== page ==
“Not the point,” Brannigan retorted.  “We get spotted down there, there’s gonna be hell to pay.”

“Which is different from your last two jobs how?” Van Zandt pointed out.  “Come on, John, now you’re just being difficult.”

“Why us?” Brannigan asked, after taking a deep breath.  He really didn’t want to go into Mexico.  He knew too much about the horror-show that was the Mexican narco-war.  Khadarkh had been a simple in-and-out, on a tiny island, no less.  Burma had been different, but for all the atrocities happening in Burma—some of which his crew of mercenaries, the self-styled “Brannigan’s Blackhearts,” had witnessed first-hand—Mexico was an entirely different scale.  It had beaten out the Syrian Civil War for body count.

“The same reason I came to you for the Burma job,” Van Zandt said coolly.  “You’re deniable.  Which, I might add, is a huge selling point for Contralmirante Huerta right now, as well.”

“Who’s Huerta?” Brannigan asked.

“He’s the commander of the Mexican Marines who tried to retake the oil platform where our mysterious terrorists took their hostages,” Chavez said.  “He lost most of a company in a few minutes, has been getting stonewalled by Mexico City, and wants payback.”

“So he’ll cover for us?”

“He’s assured me that he will,” Van Zandt said.  “He’s under strict orders that no US military forces, including DEVGRU or Delta—who are about the only ones who could handle this otherwise; we don’t exactly have a MEU in the vicinity—are to be called upon.  The platform is technically in Mexican waters, and therefore it is a Mexican affair.  They don’t want help.  Well, the PRI doesn’t want help.  Huerta does.”

“And if he sells us down the river as soon as the job’s done?” Brannigan asked quietly.

Van Zandt shook his head.  “It’s a possibility, but I’ve talked to the man.  I think he’s on the level.  And I made it clear that if anything goes wrong that he might have prevented, recordings of all our conversations would somehow reach the President.”

Brannigan nodded.  “I expect that’s a pretty good deterrent, all things considered.”

“It should be,” Chavez said.  “The PRI’s so damned corrupt, they might not even bother to put him on trial.  At least not before they’ve disappeared his entire family.”

Brannigan looked down at the table, frowning.  It was true enough that he’d already started feeling the itch for another mission, another fight.  And his Blackhearts were the kind of mercenaries who went into impossible situations and managed to kill their way out.  They’d done it twice already, and Van Zandt wouldn’t even have considered them for the job if it had been anything else.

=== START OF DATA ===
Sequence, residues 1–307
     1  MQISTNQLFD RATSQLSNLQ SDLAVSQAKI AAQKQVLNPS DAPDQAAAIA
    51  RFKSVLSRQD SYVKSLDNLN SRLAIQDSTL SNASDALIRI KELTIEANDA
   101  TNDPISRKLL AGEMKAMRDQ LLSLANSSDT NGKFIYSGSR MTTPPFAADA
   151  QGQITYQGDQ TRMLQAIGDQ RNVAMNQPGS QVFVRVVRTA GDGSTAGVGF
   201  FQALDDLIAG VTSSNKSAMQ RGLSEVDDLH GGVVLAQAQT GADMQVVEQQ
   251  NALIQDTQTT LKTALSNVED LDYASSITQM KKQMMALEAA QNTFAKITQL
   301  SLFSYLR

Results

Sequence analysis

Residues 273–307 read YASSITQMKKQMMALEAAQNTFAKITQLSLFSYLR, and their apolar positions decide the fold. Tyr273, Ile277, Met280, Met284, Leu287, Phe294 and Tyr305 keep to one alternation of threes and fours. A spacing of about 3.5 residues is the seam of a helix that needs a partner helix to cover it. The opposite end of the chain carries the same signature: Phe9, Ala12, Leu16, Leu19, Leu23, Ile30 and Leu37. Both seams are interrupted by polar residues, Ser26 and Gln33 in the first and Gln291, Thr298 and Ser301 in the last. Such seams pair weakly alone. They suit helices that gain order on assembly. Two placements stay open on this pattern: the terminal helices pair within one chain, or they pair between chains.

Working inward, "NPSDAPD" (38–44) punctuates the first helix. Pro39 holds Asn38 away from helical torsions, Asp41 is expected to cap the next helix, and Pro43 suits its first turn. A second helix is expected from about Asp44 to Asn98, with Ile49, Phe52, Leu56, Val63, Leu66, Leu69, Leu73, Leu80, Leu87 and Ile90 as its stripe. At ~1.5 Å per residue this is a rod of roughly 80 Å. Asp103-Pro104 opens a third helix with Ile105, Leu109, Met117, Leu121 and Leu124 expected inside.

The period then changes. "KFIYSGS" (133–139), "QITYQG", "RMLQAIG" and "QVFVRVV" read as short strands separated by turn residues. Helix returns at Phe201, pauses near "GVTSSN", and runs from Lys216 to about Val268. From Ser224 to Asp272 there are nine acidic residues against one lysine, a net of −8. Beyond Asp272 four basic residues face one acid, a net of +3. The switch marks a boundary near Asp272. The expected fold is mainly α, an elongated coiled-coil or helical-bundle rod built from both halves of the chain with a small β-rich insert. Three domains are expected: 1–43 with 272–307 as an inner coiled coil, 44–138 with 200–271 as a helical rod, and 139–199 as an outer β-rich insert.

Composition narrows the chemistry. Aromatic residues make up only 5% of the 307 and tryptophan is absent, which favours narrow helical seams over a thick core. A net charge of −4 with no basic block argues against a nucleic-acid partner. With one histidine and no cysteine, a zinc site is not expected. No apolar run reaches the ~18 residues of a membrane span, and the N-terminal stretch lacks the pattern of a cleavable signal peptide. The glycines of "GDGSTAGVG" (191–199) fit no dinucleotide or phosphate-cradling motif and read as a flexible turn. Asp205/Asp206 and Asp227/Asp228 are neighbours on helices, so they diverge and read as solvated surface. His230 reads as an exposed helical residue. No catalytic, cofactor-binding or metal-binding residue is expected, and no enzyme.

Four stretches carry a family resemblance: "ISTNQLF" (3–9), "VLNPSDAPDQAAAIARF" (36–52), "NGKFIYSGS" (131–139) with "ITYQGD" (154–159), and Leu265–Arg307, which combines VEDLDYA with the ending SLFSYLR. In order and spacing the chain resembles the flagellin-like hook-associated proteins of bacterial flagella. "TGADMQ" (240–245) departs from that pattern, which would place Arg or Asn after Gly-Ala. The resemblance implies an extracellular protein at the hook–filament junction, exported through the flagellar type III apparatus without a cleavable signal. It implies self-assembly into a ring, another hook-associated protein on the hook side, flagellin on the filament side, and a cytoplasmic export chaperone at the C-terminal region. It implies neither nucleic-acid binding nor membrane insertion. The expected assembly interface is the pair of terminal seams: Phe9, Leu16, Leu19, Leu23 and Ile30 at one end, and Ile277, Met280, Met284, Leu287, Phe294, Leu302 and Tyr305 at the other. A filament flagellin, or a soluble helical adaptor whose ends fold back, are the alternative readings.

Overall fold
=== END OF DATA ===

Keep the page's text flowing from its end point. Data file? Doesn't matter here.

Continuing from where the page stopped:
But he couldn’t shake the bad feeling that Mexico gave him.  He’d been there, many years before, before the narco wars really kicked off and the corpses started piling up.  He’d liked the country then.  But he’d watched as the violence, corruption, and increasingly brutal and sadistic killing had spread even to the tourist safe havens of the country.  Going into Mexico struck him as the equivalent to marching into a Hieronymus Bosch painting.

“With the level of sophistication and preparation the opposition has shown,” Van Zandt said quietly, “I don’t think it’s an exaggeration to say that you could well be those people’s only hope of getting out alive.  Especially with the Mexicans refusing official help.”

Brannigan blew out a sigh.  “What do we know about the opposition?” he asked.  The decision was made.  He’d go.  He knew his men would go, too, at least the original team.

Damn, I still haven’t recruited a new medic.  He’d avoided it after Doc Villareal had gone down in Burma.  Losing Doc already hurt bad enough, in addition to the guilt he felt for having taken the man back into combat, which had been his own personal hell ever since Zarghun.

“Next to nothing,” Van Zandt replied.  “In the first half hour or so, several of the attacks were claimed, piecemeal, by various jihadist splinter groups, but we’re pretty sure now that none of them were in on it.  It was too coordinated, and none of them had the foresight to wait until the dust settled and claim responsibility for the whole shooting match.  Whoever’s behind it still hasn’t uttered a word.

“The guys you’re after are the only lead we’ve got, and they left no witnesses at the golf course,” he continued.  “Their faces were covered, and they wore gloves, so we don’t even know what color they are.  They are packing some serious hardware, though; bullpup rifles and SAMs at the least.”

“Insert?” Brannigan asked.  He was already going over the logistics of the mission in his head.  It was his great skill and something of his curse; as soon as he knew he was doing something, he started planning it.